As Monday’s national championship game between Ohio State and the University of Florida went into the wee hours – probably past midnight in the Eastern time zone – many Florida Gators fans may ask themselves: Why wasn’t this game played last Friday night?
The answer is one those who oversee big-time college football are reluctant to admit: Television and bowl game committees call the shots for college football.
Ideally, this game would be played on a Friday night, when many viewers, especially school kids, could stay up for the entire game. But Friday is a night when many people go out, which might affect ratings. Instead, the college football championship, like the World Series, will conclude past bedtime for millions of fans.
In 2004 a Bowl Championship Series committee proposed adding a fifth bowl game because some university presidents complained their schools were missing out on BCS revenues.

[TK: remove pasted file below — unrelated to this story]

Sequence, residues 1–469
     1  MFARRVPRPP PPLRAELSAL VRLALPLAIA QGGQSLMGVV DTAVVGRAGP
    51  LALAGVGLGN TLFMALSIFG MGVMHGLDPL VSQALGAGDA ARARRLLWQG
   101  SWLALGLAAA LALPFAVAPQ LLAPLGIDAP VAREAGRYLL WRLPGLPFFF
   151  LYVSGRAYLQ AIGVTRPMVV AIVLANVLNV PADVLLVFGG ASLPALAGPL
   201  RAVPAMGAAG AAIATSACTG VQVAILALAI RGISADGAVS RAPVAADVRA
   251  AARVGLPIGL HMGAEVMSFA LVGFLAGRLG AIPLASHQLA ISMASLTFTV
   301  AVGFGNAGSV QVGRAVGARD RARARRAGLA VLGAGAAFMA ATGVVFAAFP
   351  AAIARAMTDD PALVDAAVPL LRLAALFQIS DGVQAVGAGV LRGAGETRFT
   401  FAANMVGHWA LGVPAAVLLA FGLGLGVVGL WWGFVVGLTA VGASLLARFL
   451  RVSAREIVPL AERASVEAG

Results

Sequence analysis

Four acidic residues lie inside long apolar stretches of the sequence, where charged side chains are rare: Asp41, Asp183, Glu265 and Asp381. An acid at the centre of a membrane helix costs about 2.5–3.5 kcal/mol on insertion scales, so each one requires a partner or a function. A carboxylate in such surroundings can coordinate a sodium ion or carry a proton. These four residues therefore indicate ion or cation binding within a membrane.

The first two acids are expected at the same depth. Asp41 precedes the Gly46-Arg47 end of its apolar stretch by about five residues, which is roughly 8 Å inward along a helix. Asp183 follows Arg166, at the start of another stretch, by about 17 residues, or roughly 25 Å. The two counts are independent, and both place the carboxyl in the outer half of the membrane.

The decision to add a game makes clear the argument most often used against implementing a playoff format – that it would cost student-athletes too much class time – is specious.
The players arrived in Arizona on Tuesday, even though winter-quarter classes had started at Ohio State. But what’s a week or so of classes when millions of dollars are at stake?
Penn State’s venerable Joe Paterno, whose team was in Tampa the other day for the Outback Bowl, is disturbed by this trend. He has gone on record favoring a 32-team playoff format with a reduction of the regular season to nine games. But he acknowledges that it “won’t happen in my lifetime.”
The University of Florida played its 14th game Monday night. The old anti-playoff sophistry about concern for academics and not wanting to extend the season sounds hollower every year. Still, if college football is going to stick with the current format, officials should at least think about fans who have to get up for work and classes the next day.
From the Tampa Tribune